The mining industry has moved far beyond the space where women need to ‘cope’. In my experience, the mining industry attracts a certain type of personality, irrespective of gender.
My message to young woman looking to join the mining industry would be the same as for any other career – work hard, love what you do and don’t undersell your abilities.
I got involved in the mining industry by chance – you could say, mining found me.
I was awarded a few bursaries in high school and I chose to accept one from Anglo American to study chemical engineering, truly without an appreciation of what I was getting myself into.
This article first appeared in Mining Review Africa Issue 6 2018
I sometimes wonder what might have been different if I wasn’t so focused on getting an education to ensure my ‘independence’, but I’m quite happy to be where I am right now.
I am a woman and I am a chemical engineer and the CEO for emerging South African phosphate producer Kropz, which is currently developing the Elandsfontein phosphate mine near Saldanha Bay, on the West Coast.
A new view for mining
I believe in order to fully appreciate mining, you need to step back and see the bigger picture – how mining and minerals influence almost every aspect of our lives and the role the industry can play in sustainable economic development, if this role is responsibly executed.
Mining is the human activity that has been more disturbing to environment and is linked to large social impacts and inequalities.
Kropz highlights the importance of rising to both the technical and societal challenges of a mining project.
Kropz is aiming to become an African fertiliser producer and the Kropz Elandsfontein project is the first step towards achieving this – we are currently looking at further projects to deliver on our longer-term objective.
Elandsfontein is an expanse of almost 5 000 ha of agricultural land on the West Coast of South Africa. It contains the Elandsfontein phosphate deposit, the largest sedimentary phosphate deposit in South Africa.
It is most important to ensure that socially and environmentally responsible design decisions have been taken, that is driven by a desire to ensure that Kropz becomes a world-class model for the responsible mining and processing of fertiliser minerals.
I have been involved with Kropz’s Elandsfontein project since 2014. I recognised an opportunity to create a truly sustainable and meaningful operation from inception – one that could set a new standard for future mining projects.
In August 2017, the decision was made to suspend the commissioning of Elandsfontein. Kropz cited a ‘perfect storm’ of depressed phosphate prices, delays in the receipt of certain permits and a range of technical challenges as factors contributing to the decision.
The day we made the decision to delay the commissioning was most definitely the single, lowest point of my career.
However, having the opportunity to take this project forward to re-commissioning, to address the early challenges faced, and to still deliver on a world-class, sustainable operation that will provide long-term jobs for hundreds of people from the local communities is a privilege.
Addressing the challenges
Throughout the permitting process for Elandsfontein, Kropz has faced challenges in dealing with public concerns about environmental issues.
The public perception of mining, especially in the Western Cape, is largely negative but the world needs mining and South Africa needs to create employment, so mining must be carried out with due care.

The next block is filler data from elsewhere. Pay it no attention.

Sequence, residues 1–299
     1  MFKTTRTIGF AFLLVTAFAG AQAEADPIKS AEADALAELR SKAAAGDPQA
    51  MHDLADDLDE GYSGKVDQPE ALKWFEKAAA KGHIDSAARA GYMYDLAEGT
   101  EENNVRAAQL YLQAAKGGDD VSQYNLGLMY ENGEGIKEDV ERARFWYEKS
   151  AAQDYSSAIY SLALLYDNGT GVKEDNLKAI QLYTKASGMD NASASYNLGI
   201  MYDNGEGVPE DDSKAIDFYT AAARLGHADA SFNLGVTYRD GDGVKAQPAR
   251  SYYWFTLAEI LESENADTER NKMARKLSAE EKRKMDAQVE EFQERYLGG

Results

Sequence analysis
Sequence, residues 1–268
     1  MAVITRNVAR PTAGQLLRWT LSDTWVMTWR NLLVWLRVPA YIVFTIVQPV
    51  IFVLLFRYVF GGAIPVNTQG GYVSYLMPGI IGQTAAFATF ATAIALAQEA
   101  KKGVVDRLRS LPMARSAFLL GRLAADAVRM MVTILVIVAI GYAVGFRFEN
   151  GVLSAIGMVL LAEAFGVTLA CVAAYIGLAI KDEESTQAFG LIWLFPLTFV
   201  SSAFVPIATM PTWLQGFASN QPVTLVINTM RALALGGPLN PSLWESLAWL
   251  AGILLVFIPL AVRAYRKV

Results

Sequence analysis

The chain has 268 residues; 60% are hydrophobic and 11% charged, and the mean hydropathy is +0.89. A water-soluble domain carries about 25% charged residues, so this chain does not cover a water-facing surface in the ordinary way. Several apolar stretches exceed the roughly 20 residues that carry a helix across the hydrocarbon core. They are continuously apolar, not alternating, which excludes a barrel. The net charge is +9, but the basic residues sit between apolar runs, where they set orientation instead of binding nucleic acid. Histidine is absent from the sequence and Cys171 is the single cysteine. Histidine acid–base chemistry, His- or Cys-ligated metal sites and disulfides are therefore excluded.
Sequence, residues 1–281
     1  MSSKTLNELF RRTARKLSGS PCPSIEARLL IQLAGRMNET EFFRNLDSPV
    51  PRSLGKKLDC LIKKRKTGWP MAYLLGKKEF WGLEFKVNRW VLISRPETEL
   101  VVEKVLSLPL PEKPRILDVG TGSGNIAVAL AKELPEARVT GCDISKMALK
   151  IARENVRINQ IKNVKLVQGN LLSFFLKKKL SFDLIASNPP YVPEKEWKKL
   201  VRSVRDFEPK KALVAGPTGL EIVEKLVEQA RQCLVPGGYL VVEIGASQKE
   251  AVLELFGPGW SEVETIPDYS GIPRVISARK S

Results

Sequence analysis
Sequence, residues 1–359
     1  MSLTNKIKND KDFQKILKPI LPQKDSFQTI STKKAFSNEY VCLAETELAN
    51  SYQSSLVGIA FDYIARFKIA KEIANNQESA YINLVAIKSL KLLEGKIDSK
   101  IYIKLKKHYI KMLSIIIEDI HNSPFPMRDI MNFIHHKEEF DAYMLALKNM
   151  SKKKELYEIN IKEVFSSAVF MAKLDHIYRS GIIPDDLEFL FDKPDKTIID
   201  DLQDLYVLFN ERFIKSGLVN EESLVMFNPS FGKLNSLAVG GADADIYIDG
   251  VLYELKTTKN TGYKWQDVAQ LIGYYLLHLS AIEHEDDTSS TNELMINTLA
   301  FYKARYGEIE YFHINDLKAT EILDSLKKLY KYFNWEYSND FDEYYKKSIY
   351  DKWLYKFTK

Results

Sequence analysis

We understand the importance of keeping our stakeholders informed – on the basis of scientific facts that are presented in comprehensible terms.
One of the early lessons I learned was the need to remove technical jargon so stakeholders really understand exactly what your intentions are.
Elandsfontein’s phosphate resource lies in an environmentally sensitive area, and full consideration for rehabilitation during and after mining has been applied throughout.
During the development of the project, more than R25 million was spent on expert, third-party specialist advice to ensure that all environmental issues were understood and mitigated through the design process.
In addition the mine’s impact on water was at the forefront of our concerns. The pit dewatering process was modelled and tested comprehensively before commissioning.
The conditions of the water use licence are onerous, but ensure that very careful monitoring of the ground water is in place.
We have now been pumping from the Elandsfontein Aquifer, and recharging the water downstream, for more than a year.
The results collected through the water monitoring programme show that there is no negative impact on the ground water resources in the area.
Kropz is working closely with the Department of Water and Sanitation, local farmers, and a number of ground water specialists, to ensure that we develop and enhance our understanding of the Elandsfontein Aquifer system.
The dewatering and recharge process is definitely one of the highlights of the project.
Kropz and Elandsfontein have also had to work closely with the local community to understand and address its needs and concerns.
We initiate regular, transparent communication, providing project updates at public meetings for example. And participating in the multi-stakeholder Elandsfontein Water Monitoring Committee, of which we are founding members.
We welcome robust discussion and feedback, provided this isn’t based on narrow, sectoral interests, or deliberate misinterpretation of the information we provide.
I truly believe that Elandsfontein will stand as a model for sustainable mining well into the future and will impact positively on the local community; further, that Kropz has the potential to benefit the agri sector in South Africa and in the longer term, agriculture on the African continent as a whole.